The space shuttle Challenger explodes shortly after lifting off from Kennedy Space Center in 1986. (AP)

On Jan. 28, 1986, the world watched in horror as NASA's Challenger shuttle disintegrated just 73 seconds into its flight. The disaster, which claimed the lives of five astronauts and two payload specialists, remains one of the deadiest accidents in the history of spaceflight, matched only by the 2003 explosion that precipitated the end of NASA's shuttle program.

With every step that humankind takes toward the stars, we remember the sacrifice of those seven individuals — Francis R. Scobee, Michael J. Smith, Ronald McNair, Ellison Onizuka, Judith Resnik, Gregory Jarvis and Christa McAuliffe — who gave their lives to the spirit of exploration and scientific inquiry. We remember them, and their bravery, and the bravery of others who still decided to dedicate their own lives to spaceflight. Every man and woman donning a spacesuit today has the memory of Challenger on their shoulders, and yet they fly — and push forward in hopes of visiting Mars and beyond.

But on the eve of the tragedy's 30th anniversary, there are other scientists who should come to mind as well: The ones who worked tirelessly to figure out what had gone wrong so that changes would ensure it would never happen again.

Perhaps the loudest of these was Richard Feynman, a Nobel Laureate in physics who contributed to the Rogers Commission Report. Feynman didn't need to devote hours to calculations about the structural integrity of the shuttle in order to reach any conclusions about the cause of its disintegration. His brutally simple explanation is shown in the video below:

An old man, an O ring and a cup of ice water. A cup of ice water, representing the conditions in which the shuttle had been launched. They were colder temperatures than any in which the craft had ever been tested. And what may have seemed like a trivial few degrees spelled inevitable disaster for the crew once the Challenger lifted off.

Feynman was not a perfect man, and he remains one of the more problematic "heroes" of scientific history. But his work on the Rogers Commission Report — just two years before his death — was arguably his crowning achievement. He reportedly distanced himself from the government-affiliated authors involved, choosing instead to interview as many engineers involved in the project as he could. Feynman was so critical of NASA's role in the tragedy that his chapter of the report was shuffled to the appendix.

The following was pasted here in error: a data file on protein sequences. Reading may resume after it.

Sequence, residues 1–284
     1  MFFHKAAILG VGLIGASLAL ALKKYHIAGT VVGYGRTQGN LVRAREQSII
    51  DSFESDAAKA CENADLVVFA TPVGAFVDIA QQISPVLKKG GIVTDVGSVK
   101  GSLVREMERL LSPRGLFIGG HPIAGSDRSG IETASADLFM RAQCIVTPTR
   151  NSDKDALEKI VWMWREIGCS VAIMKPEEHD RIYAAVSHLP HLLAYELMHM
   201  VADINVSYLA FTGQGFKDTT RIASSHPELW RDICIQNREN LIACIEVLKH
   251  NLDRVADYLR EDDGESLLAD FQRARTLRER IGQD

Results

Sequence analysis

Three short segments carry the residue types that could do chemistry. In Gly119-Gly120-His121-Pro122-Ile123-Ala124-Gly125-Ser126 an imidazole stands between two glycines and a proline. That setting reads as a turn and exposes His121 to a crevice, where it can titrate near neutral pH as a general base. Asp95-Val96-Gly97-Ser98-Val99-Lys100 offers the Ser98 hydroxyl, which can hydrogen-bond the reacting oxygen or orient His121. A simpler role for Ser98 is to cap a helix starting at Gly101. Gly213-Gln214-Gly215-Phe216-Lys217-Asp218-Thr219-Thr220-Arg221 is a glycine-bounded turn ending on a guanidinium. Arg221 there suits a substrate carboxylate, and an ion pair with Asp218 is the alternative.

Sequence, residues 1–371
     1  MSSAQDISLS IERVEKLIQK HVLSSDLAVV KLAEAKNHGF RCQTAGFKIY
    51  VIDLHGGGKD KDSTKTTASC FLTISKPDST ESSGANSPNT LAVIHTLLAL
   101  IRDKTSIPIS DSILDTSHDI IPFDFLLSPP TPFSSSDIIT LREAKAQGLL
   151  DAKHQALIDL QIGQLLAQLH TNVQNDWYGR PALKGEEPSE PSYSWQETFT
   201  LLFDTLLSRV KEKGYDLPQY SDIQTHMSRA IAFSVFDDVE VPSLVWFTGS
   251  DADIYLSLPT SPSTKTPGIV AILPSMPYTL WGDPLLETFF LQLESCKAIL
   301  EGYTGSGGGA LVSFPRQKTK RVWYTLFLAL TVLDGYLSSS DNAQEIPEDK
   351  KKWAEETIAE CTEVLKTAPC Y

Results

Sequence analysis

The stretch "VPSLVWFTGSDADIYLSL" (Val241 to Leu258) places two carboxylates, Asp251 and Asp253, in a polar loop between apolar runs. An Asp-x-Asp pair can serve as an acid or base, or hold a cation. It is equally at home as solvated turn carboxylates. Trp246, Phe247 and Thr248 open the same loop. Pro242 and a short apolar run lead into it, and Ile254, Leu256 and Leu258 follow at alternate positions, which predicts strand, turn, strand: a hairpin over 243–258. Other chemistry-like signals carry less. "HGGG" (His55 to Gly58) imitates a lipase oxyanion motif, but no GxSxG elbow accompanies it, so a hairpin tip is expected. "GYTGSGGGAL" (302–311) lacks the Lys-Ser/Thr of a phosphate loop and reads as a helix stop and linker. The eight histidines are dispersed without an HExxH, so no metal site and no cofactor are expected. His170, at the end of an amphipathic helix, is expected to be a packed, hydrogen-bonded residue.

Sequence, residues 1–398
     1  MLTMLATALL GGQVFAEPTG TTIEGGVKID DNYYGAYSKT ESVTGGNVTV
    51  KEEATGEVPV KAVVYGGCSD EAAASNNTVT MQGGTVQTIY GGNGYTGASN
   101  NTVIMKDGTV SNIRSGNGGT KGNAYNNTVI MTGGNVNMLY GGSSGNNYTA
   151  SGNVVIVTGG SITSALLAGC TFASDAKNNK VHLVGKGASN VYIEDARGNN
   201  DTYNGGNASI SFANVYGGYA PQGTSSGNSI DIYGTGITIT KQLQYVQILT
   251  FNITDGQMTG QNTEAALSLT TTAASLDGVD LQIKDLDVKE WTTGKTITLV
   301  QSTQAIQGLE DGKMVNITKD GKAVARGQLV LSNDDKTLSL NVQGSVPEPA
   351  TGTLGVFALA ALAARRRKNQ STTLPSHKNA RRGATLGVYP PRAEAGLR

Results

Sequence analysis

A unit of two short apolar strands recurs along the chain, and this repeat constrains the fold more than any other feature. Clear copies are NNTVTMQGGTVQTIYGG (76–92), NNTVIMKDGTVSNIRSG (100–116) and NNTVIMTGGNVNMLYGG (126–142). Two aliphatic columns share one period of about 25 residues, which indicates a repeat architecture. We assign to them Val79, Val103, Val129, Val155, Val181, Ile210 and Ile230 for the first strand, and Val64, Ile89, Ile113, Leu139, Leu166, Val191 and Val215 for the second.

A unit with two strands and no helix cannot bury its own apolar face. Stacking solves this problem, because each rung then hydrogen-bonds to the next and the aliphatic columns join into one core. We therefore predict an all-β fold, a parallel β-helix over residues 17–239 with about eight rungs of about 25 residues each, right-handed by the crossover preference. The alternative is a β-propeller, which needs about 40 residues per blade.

The scientist didn't mince words: He pointed out that NASA management ranked the safety of the shuttles thousands of times higher than the engineers did, which encouraged unrealistic launch timelines and a tendency to underestimate risky flight conditions.

"In any event this has had very unfortunate consequences, the most serious of which is to encourage ordinary citizens to fly in such a dangerous machine, as if it had attained the safety of an ordinary airliner," Feynman wrote, referring to the two payload specialists — an engineer and a teacher — trained specifically to fly on that single mission. NASA had even considered sending the actor known for portraying Big Bird on the show "Sesame Street" as an ambassador for schoolchildren back on Earth — but his costume was too cumbersome to wear onboard.

As recently as a few weeks ago, WIRED reports, NASA's Aerospace Safety Advisory Panel concluded that the agency is taking dangerous risks and, more importantly, failing to communicate those risks properly.

“Does one hand know what the other is doing?” panel member James Bagian, a former astronaut who now teaches at the University of Michigan, asked during an interview with WIRED. “If everyone doesn’t understand all the assumptions, and they use that as a foundation to make a decision, that can have a ripple effect.”

It's been a long time since NASA — or any space agency — suffered a tragedy. But it's also been a long time since we as a species attempted a crewed mission more complex than the journey to the International Space Station and back. That's going to change very soon: As early as 2025, NASA may send astronauts into "deep space" for the first time with a mission to an asteroid that has been redirected to orbit the moon. A mission to Mars may follow as quickly as the 2030s.

Feynman is far from a perfect hero, and NASA is far from an enclave of villainy. But the ease with which one scientist was able to formulate a damning takedown of the agency's behavior should serve as a reminder of the dangers of human error and hubris in endeavors as delicate as trips into space — especially in the days ahead.

Read More:

Read The Washington Post's 1986 Challenger coverage

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